coal power plant
The church said that it has a "moral responsibility" to take a tougher stance on climate changeReuters

The Church of England (CoE) has announced that it will be selling £12m ($18.3m, €16.3m) worth of investments in fossil fuel companies as it adjusts its climate change policy.

The Church Commissioners and CoE Pensions Board will sell their investments in firms where more than a tenth of the revenue comes as a result of thermal coal extraction or oil production from tar sands.

The Rev Canon Professor Richard Burridge, deputy chair of the Church's Ethical Investment Advisory Group (EIAG) said that the church had a responsibility to take a tougher stance on climate change because it is the poor who suffer the most.

"Climate change is already a reality. From an ethical perspective the focus of the investing bodies must be on assisting the transition to a low carbon economy. The Church has a moral responsibility to speak and act on both environmental stewardship and justice for the world's poor who are most vulnerable to climate change," said Burridge.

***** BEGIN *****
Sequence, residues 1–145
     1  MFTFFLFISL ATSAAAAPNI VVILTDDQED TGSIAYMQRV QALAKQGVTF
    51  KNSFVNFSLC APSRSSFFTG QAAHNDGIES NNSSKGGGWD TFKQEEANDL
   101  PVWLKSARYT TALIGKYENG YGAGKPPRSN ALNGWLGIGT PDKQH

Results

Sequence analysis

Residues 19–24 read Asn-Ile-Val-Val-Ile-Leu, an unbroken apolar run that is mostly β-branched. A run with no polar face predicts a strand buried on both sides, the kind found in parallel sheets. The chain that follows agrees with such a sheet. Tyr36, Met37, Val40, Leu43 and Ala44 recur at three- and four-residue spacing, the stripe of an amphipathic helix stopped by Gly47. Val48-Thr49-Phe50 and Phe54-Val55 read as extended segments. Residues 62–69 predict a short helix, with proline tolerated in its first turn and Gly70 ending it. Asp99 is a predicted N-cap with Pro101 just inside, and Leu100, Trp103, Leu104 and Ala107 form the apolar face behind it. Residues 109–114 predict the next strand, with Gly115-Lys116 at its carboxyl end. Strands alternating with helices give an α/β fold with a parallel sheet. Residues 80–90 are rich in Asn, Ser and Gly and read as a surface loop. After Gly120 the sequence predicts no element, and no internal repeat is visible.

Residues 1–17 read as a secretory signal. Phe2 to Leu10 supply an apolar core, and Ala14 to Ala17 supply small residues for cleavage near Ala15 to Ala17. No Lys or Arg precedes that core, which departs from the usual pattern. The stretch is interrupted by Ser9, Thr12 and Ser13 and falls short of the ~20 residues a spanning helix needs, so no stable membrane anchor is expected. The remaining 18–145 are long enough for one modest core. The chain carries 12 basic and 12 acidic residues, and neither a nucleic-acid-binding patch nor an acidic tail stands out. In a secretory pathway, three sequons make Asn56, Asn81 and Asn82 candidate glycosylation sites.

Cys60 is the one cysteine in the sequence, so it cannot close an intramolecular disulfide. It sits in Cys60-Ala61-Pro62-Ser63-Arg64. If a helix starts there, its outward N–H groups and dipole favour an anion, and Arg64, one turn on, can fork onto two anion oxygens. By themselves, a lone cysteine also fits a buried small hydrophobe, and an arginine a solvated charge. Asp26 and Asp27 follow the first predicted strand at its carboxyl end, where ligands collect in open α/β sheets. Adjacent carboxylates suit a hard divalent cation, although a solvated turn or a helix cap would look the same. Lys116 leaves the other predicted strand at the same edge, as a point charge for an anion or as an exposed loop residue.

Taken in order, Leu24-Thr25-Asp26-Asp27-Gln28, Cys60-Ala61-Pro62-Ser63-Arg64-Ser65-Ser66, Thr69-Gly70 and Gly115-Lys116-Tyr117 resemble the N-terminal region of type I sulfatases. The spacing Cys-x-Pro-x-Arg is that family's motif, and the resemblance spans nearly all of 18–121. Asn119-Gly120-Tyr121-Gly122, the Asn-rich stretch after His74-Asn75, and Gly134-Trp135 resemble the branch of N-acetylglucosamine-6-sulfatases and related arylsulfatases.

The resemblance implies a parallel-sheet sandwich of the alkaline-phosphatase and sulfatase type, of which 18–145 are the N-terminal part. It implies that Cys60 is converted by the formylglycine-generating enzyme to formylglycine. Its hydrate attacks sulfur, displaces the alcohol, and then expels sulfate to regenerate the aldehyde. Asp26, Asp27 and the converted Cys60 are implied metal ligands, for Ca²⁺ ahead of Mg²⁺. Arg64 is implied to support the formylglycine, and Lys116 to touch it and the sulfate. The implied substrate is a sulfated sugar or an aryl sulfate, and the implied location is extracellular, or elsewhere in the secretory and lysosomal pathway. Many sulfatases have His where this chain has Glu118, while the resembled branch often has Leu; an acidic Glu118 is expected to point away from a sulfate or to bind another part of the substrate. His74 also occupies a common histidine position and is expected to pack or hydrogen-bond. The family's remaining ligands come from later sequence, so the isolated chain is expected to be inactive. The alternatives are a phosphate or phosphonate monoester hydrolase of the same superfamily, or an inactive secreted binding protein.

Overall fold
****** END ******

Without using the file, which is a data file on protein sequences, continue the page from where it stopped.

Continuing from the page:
Bishop Nick Holtam, the lead Bishop on the environment at the Church of England, added that the new policy is "thoughtful and has been carefully considered, producing a range of ways to engage with issues of the Church's finance in relation to climate change".

"It marks the start of a process of divestment as well as engagement with fossil fuel companies and better aligns the Church's investment practice with its belief, theology and practice," he said.

The Church of England holds of three investment funds which are valued at roughly £8bn (€10.7bn, $12.2bn).